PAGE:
A Retrograde Move by Yamini Ayyagari SignUp
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A Retrograde Move
by Yamini Ayyagari Bookmark and Share
 
This is not only regressive but absolutely ridiculous as well. The Karnataka Government in an absurd move has decided to shift the burden of law and order in the state to the women. The government seems to think that crimes against women have gone up in the state as a result of more and more women working late nights in different sectors and industries. And the solution, the government believes, is in not allowing women to work late nights. Result: A government order banning women from working in night shifts. Essentially, women employees have to now either convince their employers to let them work during the morning hours or quit jobs and stay at home! And all because the government cannot ensure what should have been their fundamental duty - safety and security of all citizens in the state by maintaining law and order. Labour Minister Iqbal Ansari goes on record saying: "I am sure the legislation will come to the aid of lakhs of helpless working women and will be treated as a measure to protect them". That is right, Sir - you cannot provide safe working conditions for women in the state. So just lock them up in the four walls of the house!!!

When I first read this news I just couldn't believe it. I found it incredulous that in this day and age when women are making strides in every field and carving a niche for themselves, someone would even think up of something like this. The move is likely to put thousands and thousands of women, some of them sole breadwinners of the family, out of employment. Did the government even think about the same? The ban is not only discriminative but against the Indian Constitution as well. Firstly, Article 14 of the Constitution which states that all citizens are equal in the name of the law, while Article 15 of the Constitution prohibits "discrimination on grounds of religion, race, caste, sex or place of birth". The Karnataka government's legislature is clearly invidious to women. Why don't we just ban everybody from working after 8 pm? It isn't as though men are never victims of any crime against them? So as per the government's logic banning everybody from working after 8 pm should immediately solve the entire law and order problem and make the state utopia on earth, isn't it?

Article 16 of the Constitution clearly states, "No citizen shall, on grounds of religion, race, caste, sex, descent, place of birth, residence or any of them, be ineligible for, or discriminated against in respect of any employment". Somebody should clearly ask the Labour Minister and the government of Karnataka to re-read the Constitution. And if they have a problem comprehending it, I am sure there are many soon-to-be-unemployed women out there who can lend a helping hand. "No citizen shall, on grounds of ..... sex...., be .... discriminated against in respect of any employment..." - does the government even understand what this exactly means?

And finally, Article 19 of the Constitution which clearly spells out that "All citizens have the right to practice any profession, or to carry on any occupation, trade or business". Clearly, the Karnataka government does not consider the women in the state to be "citizens" of the country. Its reading of this clause in Article 19 is without doubt this - it is the men in the country who can chose to practice any profession or any occupation. What women will do or when they should work we will control.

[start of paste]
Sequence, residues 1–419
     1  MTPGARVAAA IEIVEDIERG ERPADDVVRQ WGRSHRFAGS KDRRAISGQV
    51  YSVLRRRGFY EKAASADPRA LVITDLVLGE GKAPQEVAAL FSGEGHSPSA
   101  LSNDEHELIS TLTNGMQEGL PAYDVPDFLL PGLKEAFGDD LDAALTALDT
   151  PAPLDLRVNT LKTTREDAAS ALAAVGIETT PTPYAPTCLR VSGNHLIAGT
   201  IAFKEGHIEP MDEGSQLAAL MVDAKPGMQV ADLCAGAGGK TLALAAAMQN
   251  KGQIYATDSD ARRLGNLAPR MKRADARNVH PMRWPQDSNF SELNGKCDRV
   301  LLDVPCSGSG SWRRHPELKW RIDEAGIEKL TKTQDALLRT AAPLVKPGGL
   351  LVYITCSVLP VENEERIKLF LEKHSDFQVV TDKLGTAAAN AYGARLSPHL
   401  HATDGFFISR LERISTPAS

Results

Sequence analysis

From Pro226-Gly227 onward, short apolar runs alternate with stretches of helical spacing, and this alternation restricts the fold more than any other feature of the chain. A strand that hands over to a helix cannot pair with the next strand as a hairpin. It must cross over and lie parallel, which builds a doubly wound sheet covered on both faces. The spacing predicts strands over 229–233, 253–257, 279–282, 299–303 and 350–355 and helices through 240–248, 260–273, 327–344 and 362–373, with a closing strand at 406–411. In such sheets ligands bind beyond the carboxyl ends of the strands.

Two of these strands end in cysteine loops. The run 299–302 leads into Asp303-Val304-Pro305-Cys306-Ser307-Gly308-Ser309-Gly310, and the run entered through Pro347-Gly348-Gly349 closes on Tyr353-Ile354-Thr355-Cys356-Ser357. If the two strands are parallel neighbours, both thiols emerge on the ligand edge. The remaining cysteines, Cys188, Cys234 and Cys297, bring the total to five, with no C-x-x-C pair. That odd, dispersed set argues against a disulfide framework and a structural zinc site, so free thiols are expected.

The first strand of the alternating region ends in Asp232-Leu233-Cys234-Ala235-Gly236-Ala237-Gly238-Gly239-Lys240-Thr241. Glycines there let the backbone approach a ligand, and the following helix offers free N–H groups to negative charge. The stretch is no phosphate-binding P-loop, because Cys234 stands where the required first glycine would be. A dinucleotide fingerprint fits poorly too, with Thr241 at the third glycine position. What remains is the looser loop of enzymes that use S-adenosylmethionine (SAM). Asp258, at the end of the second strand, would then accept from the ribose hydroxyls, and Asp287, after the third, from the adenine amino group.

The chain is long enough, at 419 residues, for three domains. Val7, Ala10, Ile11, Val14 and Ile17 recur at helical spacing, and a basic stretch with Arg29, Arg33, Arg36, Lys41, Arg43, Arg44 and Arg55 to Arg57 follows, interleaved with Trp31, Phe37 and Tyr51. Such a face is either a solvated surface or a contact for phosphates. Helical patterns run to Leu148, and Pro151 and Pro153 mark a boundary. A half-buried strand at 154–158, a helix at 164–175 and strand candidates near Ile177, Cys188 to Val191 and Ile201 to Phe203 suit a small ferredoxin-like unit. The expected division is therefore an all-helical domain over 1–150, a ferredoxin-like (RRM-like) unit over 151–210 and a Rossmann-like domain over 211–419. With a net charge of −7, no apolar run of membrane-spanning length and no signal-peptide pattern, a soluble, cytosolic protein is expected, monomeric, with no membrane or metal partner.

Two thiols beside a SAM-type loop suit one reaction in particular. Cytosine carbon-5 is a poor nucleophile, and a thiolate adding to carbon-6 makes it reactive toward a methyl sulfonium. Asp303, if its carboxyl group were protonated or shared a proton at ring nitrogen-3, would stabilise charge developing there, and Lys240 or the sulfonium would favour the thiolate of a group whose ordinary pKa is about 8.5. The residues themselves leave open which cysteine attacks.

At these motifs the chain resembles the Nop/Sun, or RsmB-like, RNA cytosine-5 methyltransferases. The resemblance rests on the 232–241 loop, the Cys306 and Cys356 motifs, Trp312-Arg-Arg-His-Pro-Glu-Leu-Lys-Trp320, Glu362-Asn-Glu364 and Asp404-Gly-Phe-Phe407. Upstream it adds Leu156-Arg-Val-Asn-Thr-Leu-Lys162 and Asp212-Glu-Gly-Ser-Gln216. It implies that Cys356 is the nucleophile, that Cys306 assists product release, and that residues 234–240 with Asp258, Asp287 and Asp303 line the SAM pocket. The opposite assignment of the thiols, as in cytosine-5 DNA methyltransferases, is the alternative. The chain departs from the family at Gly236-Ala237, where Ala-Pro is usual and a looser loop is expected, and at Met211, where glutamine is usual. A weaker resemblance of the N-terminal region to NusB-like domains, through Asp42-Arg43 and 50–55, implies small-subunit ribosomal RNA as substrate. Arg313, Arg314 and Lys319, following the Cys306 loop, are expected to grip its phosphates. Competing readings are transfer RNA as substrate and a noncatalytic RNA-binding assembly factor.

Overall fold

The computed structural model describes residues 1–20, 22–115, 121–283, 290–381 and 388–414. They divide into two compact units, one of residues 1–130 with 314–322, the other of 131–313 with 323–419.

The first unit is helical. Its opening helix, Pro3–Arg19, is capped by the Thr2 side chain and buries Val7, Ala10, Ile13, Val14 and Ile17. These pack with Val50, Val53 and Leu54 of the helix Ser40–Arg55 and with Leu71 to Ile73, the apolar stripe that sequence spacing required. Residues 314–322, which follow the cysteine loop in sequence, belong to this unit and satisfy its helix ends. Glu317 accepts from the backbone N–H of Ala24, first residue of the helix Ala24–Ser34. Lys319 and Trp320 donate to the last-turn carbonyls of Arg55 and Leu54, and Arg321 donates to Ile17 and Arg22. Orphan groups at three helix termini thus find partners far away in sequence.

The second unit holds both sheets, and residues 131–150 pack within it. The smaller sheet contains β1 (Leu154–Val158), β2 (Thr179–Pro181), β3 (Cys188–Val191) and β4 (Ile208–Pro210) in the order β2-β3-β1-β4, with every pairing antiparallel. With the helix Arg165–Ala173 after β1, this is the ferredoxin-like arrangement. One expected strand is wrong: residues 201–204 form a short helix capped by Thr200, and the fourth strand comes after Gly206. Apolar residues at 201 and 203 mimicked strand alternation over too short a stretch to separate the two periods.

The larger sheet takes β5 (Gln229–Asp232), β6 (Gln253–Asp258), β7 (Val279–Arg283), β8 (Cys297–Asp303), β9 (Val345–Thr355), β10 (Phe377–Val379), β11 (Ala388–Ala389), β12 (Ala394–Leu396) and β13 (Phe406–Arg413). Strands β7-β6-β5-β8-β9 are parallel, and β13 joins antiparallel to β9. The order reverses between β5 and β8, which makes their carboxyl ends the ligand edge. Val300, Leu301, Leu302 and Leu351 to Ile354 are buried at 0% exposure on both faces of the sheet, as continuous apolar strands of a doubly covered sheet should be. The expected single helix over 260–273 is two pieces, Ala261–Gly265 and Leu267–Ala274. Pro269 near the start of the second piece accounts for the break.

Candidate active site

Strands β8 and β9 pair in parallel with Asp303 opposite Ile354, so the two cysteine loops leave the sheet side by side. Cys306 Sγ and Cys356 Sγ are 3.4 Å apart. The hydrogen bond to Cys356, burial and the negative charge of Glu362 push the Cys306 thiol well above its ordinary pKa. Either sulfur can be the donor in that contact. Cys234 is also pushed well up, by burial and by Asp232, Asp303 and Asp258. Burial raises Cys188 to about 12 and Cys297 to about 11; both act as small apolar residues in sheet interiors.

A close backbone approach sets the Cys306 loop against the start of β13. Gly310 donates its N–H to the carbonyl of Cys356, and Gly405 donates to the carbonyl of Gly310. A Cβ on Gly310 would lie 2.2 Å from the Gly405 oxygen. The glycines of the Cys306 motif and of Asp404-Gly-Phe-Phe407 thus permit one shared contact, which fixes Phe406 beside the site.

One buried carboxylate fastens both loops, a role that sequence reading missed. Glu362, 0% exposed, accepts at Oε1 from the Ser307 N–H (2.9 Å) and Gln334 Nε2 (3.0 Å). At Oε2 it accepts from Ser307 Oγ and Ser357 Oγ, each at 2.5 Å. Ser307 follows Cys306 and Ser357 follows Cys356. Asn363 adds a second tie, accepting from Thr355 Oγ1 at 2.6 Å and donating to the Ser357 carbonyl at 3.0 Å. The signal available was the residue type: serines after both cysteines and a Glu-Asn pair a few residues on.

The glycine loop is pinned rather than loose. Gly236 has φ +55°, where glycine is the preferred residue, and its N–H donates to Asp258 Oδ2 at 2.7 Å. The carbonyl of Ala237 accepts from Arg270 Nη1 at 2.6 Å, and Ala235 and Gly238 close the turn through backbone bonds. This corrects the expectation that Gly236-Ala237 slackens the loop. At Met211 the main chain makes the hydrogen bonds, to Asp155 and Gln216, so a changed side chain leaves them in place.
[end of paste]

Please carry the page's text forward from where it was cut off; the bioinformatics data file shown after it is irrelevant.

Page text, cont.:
What is even more absurd is the exclusion of certain segments from this ban. From what I can remember a majority of crimes - of rape and murder - committed in the last few months have been against those women employed in IT and ITES industries, which have been ironically excluded from the ban. The government seems to either view these sectors to be absolutely safe for women or considers that the women employees in these sectors do not deserve any protection.

In recent times we have seen this happen a lot - women are teased, molested and raped by men, and they are told the blame still squarely rests with them. "Look at the dress she was wearing. She was clearly asking for it", has been an oft-heard remark. Don't you see, men are perfect, incapable of any wrong. It is always the women who is to blame. Men don't slip; it is the women who push them over the edge by wearing "revealing" clothes and "inviting" everything that happens to them. So, what should one do? Stop women from donning clothes she desires to wear. Just like the Karnataka government believes that it is the women's fault that more and more crimes are being committed against them. Aren't they the ones out there, working in the nights? So, lets just restrict their mobility and freedom; this is sure to ensure that they are much safer.

If the problem is law and order would you take action against the wrongdoers or the victims? Would you let the culprits go scotfree while those victimized are locked up in a virtual prison? What makes one assume that in days of yore when women were not as widely employed there were absolutely no crimes against women? Isn't providing safety for all citizens, and not the men alone, the duty of any government? Isn't it the government's responsibility to ensure that all its citizens, including women, are given equal opportunities, rights and freedom without being discriminated against?

If protecting women against all crimes is the prime motivation of such a legislature, I have an even simpler answer to the problem: Assuming men are the perpetrators of these crimes against women, why don't we just ban men from working or even being seen outside the houses after 8 pm, and let women continue to be employed?
 
6-May-2007
More by :  Yamini Ayyagari
 
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